Ex-Ukraine ambassador arrives to give testimony

Former U.S. Ambassador to Ukraine Marie Yovanovitch appeared on Capitol Hill Friday morning for closed-door testimony in the House impeachment inquiry.

Yovanovitch is expected to discuss her dismissal as ambassador in May, when she was recalled to Washington, and her knowledge of the efforts by President TrumpDonald John TrumpChasten Buttigieg: 'I've been dealing with the likes of Rush Limbaugh my entire life' Lawmakers paint different pictures of Trump's 'opportunity zone' program We must not turn our heads from the effects of traumatic brain injuries MORE and his personal lawyer, Rudy GiulianiRudy GiulianiKerry responds to Trump accusation he violated Logan Act: 'Another presidential lie' Giuliani worked for Dominican Republic candidate amid Ukraine efforts: report Democratic senators ask DOJ watchdog to expand Giuliani probe MORE, to pressure the Ukrainian government to open a corruption investigation into former Vice President Joe BidenJoe Biden'Where's your spoon?' What we didn't learn in the latest debate Sanders nabs endorsement from Congressional Hispanic Caucus member Poll: Sanders holds 7-point lead in crucial California primary MORE and his son.


Her appearance bucked expectations. On Tuesday, the White House counsel issued a letter warning Speaker Nancy PelosiNancy PelosiBloomberg faces criticism for tweet showing altered debate moment Trump knocks Democrats at rally: Bloomberg 'getting pounded' Biden earns endorsement from former House impeachment manager MORE (D-Calif.) that it has no intention of cooperating in the Democrats' requests for documents and witness testimony as they pursue their impeachment inquiry.

And State Department Secretary Mike PompeoMichael (Mike) Richard PompeoPompeo to speak to influential Iowa GOP group Giuliani worked for Dominican Republic candidate amid Ukraine efforts: report Pompeo, foreign partners condemn Russian cyberattack on country of Georgia MORE earlier in the week had blocked the deposition of another top diplomat, U.S. Ambassador to the European Union Gordon Sondland, who had flown to Washington and expressed interest in testifying before the three committees — Intelligence, Oversight and Reform and Foreign Affairs — leading the impeachment investigation.

Sondland has since been subpoenaed, and his lawyer said Friday that Sondland hopes to testify next week.

It's unclear if Yovanovitch was cleared by the State Department to testify Friday, or if her appearance came in defiance of the White House's threat of blanket stonewalling.

Leading up to her arrival in the Capitol, where scores of reporters and banks of cameras were waiting uncertainly, there was plenty of speculation about whether she would appear or not.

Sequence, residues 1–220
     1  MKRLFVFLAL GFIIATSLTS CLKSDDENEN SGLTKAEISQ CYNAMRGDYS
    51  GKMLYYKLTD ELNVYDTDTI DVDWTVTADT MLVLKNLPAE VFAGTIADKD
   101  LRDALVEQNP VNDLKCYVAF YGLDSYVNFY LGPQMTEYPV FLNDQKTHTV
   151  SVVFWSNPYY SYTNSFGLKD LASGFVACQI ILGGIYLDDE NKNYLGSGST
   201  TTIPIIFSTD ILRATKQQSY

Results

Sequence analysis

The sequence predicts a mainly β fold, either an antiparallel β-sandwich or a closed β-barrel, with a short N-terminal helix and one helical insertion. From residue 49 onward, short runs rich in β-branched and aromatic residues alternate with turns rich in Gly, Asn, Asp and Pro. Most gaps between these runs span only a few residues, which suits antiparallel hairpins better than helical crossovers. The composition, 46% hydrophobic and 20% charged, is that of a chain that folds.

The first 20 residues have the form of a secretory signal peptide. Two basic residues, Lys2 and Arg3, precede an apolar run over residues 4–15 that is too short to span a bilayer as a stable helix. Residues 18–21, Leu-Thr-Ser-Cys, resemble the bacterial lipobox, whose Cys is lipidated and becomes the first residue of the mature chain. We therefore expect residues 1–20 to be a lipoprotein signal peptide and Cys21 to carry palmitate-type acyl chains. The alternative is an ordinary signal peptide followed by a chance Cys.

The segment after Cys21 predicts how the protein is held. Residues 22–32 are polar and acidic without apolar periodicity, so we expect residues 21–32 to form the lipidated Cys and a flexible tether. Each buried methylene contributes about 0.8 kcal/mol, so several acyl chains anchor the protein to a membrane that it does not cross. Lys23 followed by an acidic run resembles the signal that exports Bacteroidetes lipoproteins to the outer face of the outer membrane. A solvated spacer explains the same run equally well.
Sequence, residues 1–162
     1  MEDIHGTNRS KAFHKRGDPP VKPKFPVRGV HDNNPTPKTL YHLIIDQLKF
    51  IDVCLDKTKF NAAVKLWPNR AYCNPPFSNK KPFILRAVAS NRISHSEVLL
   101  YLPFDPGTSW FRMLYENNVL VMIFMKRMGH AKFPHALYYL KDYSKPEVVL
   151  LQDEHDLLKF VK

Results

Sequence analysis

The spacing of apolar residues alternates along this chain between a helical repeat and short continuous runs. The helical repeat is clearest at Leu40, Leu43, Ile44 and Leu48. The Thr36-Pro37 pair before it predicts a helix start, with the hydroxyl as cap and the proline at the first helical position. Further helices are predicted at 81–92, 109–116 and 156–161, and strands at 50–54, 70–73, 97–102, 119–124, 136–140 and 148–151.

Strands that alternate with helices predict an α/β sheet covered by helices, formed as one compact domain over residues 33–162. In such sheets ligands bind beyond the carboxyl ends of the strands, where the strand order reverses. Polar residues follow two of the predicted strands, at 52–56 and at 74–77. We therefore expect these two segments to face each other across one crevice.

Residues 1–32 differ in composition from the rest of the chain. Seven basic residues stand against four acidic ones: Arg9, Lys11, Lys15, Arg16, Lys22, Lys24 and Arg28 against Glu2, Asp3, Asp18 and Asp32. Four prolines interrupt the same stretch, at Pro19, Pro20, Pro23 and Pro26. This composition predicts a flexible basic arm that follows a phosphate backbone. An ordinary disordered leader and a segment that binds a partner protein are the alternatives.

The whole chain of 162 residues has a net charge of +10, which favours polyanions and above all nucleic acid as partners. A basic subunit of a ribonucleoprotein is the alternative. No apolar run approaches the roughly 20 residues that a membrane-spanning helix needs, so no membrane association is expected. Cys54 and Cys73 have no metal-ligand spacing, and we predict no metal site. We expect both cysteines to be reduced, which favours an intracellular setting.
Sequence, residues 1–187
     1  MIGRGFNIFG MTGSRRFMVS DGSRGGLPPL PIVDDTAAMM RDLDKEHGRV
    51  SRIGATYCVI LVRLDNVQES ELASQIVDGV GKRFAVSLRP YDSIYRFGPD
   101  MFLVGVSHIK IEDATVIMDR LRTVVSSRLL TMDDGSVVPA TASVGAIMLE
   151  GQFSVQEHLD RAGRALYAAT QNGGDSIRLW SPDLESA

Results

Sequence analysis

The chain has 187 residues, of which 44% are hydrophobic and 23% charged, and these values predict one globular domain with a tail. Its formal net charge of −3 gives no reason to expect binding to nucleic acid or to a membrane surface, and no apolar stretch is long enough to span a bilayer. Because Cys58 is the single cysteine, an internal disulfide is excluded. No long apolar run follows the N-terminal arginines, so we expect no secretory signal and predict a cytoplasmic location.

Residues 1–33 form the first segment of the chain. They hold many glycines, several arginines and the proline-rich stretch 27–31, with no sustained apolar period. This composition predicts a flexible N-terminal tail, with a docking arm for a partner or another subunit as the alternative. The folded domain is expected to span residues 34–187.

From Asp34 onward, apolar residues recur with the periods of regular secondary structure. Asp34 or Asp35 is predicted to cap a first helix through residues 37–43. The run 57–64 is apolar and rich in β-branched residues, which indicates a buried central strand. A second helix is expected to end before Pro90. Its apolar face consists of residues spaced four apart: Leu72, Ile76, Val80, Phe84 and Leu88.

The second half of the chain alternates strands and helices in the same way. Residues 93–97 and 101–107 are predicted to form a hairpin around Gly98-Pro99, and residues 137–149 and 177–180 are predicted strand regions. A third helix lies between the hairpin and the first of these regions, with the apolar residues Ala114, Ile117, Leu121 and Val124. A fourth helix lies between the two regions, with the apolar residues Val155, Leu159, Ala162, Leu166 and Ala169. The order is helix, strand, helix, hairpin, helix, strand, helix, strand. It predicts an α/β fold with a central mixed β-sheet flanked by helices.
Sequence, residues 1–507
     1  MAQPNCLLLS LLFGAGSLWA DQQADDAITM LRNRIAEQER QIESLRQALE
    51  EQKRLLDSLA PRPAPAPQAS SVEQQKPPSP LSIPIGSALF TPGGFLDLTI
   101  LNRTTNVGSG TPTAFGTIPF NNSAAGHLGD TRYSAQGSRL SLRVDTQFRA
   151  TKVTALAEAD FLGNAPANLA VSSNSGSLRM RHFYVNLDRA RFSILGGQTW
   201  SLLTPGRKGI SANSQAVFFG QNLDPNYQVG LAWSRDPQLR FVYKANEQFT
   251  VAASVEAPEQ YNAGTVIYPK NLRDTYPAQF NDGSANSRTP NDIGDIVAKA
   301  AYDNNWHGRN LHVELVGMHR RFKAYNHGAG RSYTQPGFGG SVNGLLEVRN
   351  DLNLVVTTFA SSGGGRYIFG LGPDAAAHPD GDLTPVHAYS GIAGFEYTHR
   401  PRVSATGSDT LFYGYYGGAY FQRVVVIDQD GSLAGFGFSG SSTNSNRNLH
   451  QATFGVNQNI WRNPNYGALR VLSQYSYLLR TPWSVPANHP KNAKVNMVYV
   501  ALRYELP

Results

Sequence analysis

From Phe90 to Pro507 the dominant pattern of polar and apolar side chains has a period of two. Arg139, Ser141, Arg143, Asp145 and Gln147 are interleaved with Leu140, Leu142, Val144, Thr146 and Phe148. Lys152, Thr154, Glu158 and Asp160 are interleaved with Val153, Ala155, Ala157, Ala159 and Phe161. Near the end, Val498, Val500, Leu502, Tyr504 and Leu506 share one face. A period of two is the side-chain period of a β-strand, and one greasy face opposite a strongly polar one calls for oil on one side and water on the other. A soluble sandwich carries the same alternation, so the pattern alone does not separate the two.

As lawmakers from both parties trickled in ahead of the 10 a.m. deposition, they all seemed to be equally in the dark about whether she would testify.

"I haven't heard a thing," said Rep. Mike QuigleyMichael (Mike) Bruce QuigleyHillicon Valley: Officials worry about Nevada caucus technology after Iowa | Pelosi joins pressure campaign on Huawei | Workers at Kickstarter vote to unionize | Bezos launches B climate initiative The Hill's Campaign Report: Bloomberg to face off with rivals at Nevada debate Tech for Nevada caucuses under scrutiny after Iowa debacle MORE (D-Ill.), a member of the Intelligence Committee, as he descended the Capitol staircase to the secure basement hearing room where the closed-door deposition is taking place.

Other lawmakers seen entering the hearing were Democratic Reps. Jim HimesJames (Jim) Andres HimesHouse Republicans boycott public Intelligence panel hearing Democrats criticize Medal of Freedom for Limbaugh as 'slap in the face' Twitter users invoke Merrick Garland after McConnell, Graham comments on impeachment trial MORE (Conn.), Denny HeckDennis (Denny) Lynn HeckExclusive: Guccifer 2.0 hacked memos expand on Pennsylvania House races Heck enjoys second political wind Incoming lawmaker feeling a bit overwhelmed MORE (Wash.) and Adam SchiffAdam Bennett SchiffGraham: Trump has 'all the legal authority in the world' to pardon Stone Roger Stone sentenced to over three years in prison Top intelligence community lawyer leaving position MORE (Calif.), the chairman of the Intelligence Committee. GOP members included Reps. Mark MeadowsMark Randall MeadowsLawmakers grill Census Bureau officials after report on cybersecurity issues Conservative lawmakers warn Pelosi about 'rate-setting' surprise billing fix House GOP leader says reassignment of Vindman was appropriate MORE (N.C.), Lee ZeldinLee ZeldinTrump allies blast Romney over impeachment vote: 'A sore loser' Overnight Health Care — Presented by Partnership for America's Health Care Future — Democrats seek to preempt Trump message on health care | E-cigarette executives set for grilling | Dems urge emergency funding for coronavirus Democrats slam GOP on drug prices in bilingual digital ads MORE (N.Y.), Scott PerryScott Gordon PerryDCCC to run ads tying 11 House Republicans to Trump remarks on entitlements Koch network could target almost 200 races in 2020, official says Overnight Health Care: New drug price hikes set stage for 2020 fight | Conservative group to spend M attacking Pelosi drug plan | Study finds Medicaid expansion improved health in Southern states MORE (Pa.) and Jim JordanJames (Jim) Daniel JordanTrump adviser presses House investigators to make Bezos testify Booker, Merkley propose federal facial recognition moratorium Ex-Ohio State wrestler claims Jim Jordan asked him to deny abuse allegations MORE (Ohio), the ranking member of the Oversight panel.